So, the fight scenes. They’re so impressive and you’re pretty much involved in every one. So, how much prep time did you get to choreograph it all?
There’s not a lot of prep time, to be honest. This is why I like to work with Tim Man who is a fight coordinator. I’ve worked with him before and he’s Swedish, very organised, and he will pre-vis the stuff beforehand in his gym in Sweden. He will send me the stuff over and then we talk about it. Why I like working with Tim on these low-budget movies is because you haven’t got time or the money to get everyone rehearsing and learning the fights – maybe you get a day. Becuase I was producing this one, I was able to schedule the fights accordingly. With a lot of films, they don’t give [the action scenes] enough time. If you’re making an action film, you’ve got to dedicate time to the action, but you’d be surprised at how many action filmmakers don’t give time to the action – and that’s why the fights aren’t shot very well. I scheduled this film myself and we did a second unit, which was me and Tim working on the action whilst Jesse, the director, went off and shot the flashback sequence, which was specifically kept in the script to allow me to have more days for the action.
You’ve worked with Jesse [V. Johnson, the director] quite a few times. What does he bring to the table?
He’s a very experienced filmmaker. He writes his own stuff as well. He’s British, and I wanted British guy to do a British film and he brought a hell of a lot to it. He’s got a classic filmmaking style and he’s influenced by the films of the sixties and seventies. That’s the way he likes to shoot and that suited our movie. The thing is, we worked together on this and Jesse won’t me saying that when we structured the deal to do this – because I’d had it in my head since I was 14 – the deal was that we were always going to do this together – I need someone to help me put my vision on screen. We shook hands on it and came to the agreement that we were going to work together as a team. He’s going to direct it but the conversations about tone and story and character and, you know – I was involved in so much of it and to Jesse’s credit, he was happy to let me do that because he could see how much it meant to me and how involved I was. I had written a script, so nobody knew the project better than me.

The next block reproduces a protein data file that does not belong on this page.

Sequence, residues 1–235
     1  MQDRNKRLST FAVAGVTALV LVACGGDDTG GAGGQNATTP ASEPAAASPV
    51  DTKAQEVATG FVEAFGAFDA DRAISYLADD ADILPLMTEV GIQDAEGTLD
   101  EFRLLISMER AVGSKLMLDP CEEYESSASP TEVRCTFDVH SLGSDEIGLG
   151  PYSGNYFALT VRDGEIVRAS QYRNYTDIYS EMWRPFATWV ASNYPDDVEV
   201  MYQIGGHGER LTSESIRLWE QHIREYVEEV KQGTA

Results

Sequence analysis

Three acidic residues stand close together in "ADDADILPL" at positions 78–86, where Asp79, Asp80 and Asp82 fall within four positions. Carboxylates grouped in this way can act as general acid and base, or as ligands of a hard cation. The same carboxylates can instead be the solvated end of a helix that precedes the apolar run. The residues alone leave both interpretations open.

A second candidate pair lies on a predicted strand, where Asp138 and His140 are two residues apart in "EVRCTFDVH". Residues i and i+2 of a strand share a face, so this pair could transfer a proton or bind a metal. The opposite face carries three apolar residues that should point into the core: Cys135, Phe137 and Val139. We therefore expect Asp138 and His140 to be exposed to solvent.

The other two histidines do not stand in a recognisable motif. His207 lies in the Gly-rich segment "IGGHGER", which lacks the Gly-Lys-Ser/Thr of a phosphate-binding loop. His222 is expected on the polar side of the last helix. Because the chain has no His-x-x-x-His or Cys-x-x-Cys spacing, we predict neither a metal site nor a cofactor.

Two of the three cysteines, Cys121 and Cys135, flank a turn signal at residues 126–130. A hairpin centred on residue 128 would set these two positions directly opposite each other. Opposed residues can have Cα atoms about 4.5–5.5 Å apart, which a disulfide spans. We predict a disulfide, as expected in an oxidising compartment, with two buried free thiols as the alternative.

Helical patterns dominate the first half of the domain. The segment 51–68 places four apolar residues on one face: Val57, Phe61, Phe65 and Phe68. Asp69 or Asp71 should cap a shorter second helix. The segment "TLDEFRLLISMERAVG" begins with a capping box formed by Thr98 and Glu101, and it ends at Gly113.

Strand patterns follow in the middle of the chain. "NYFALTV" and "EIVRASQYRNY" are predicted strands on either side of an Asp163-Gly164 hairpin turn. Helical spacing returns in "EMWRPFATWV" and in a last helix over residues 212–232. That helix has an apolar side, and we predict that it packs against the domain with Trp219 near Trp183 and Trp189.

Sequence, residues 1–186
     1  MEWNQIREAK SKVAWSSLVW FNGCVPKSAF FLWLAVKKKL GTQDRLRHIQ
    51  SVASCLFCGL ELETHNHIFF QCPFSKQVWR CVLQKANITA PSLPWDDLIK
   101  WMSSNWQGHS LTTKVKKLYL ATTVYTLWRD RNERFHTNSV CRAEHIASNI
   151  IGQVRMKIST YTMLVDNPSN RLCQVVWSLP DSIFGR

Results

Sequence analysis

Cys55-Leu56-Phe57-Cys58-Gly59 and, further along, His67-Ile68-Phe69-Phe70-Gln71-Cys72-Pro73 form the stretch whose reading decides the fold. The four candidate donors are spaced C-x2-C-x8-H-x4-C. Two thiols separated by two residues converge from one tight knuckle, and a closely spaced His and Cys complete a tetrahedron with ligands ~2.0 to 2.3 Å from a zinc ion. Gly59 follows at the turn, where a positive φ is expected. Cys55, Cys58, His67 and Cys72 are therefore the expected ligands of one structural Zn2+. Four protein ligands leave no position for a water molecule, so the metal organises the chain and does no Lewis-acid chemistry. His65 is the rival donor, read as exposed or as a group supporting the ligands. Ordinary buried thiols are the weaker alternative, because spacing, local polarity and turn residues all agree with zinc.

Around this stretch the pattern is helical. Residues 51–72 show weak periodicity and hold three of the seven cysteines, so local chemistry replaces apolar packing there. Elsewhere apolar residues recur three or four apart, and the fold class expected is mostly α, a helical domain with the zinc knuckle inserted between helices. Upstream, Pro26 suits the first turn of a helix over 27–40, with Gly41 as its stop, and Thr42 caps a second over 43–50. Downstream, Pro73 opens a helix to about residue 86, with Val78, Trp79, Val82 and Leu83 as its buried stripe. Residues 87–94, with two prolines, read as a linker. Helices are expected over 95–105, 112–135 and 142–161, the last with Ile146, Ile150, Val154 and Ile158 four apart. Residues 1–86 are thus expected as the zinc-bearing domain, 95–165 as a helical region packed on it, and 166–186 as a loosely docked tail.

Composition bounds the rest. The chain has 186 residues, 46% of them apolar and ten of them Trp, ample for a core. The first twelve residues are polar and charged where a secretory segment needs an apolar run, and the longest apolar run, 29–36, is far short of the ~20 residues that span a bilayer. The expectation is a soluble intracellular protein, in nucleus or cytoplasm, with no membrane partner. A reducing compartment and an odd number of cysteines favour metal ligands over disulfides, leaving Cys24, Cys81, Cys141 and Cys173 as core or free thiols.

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We don’t get too many of these UK-set comic book movies either. A lot of it is set in London, so did that have you run into many problems as the scope of this film is huge despite the budget. Did you run into many obstacles in terms of what you had written and what was able to be delivered to the screen?
I’m glad you think the scope is huge. Actually, it was written with as few locations as possible. For quite a bit of the film, we’re hanging about in the pub and there’s a lot of interiors. There’s not may exteriors. What you want to do when you’re making a film like this is you want to try and find an area where you can film the whole movie – make it look like you’re in different places every day but still come back to the same place. It’s when you start moving the trucks to different locations that you start losing time and then one day becomes half a day. We found a great place in St. Albans which had different locations that we could use to give it that bit of scope. It’s still quite a contained film, I would say.
You’ve worked with the likes of Jean-Claude Van Damme and Arnold Schwarzenegger – Stallone. Is there anyone left on the list that you’d want to work with?
I’d love to work with Donnie Yen. I’ve pretty much worked with anyone else.
You must have crossed a lot off just by working on The Expendables 2?
Yes, though unfortunately, I didn’t meet Chuck Norris. I regret that. I didn’t go to the premiere in America, I only went to the one in England and Chuck wasn’t there.
There’s still time.
Yes, there is.
From these guys, as a child who grew up with their movies, you must have learned an awful lot from them.
Yes, you end up subliminally doing what they do with or without knowing about it. I was such a huge fan of Van Damme that I think inevitably some of his style bled into the way I am and the way I perform – just through watching so many of his movies and it’s not even a conscious thing. Of course, you can say the same for Jackie Chan, Bruce Lee, Stallone and all the rest of them. You’re very much inspired by them.
Accident Man is available on Digital Download and DVD on April 16th.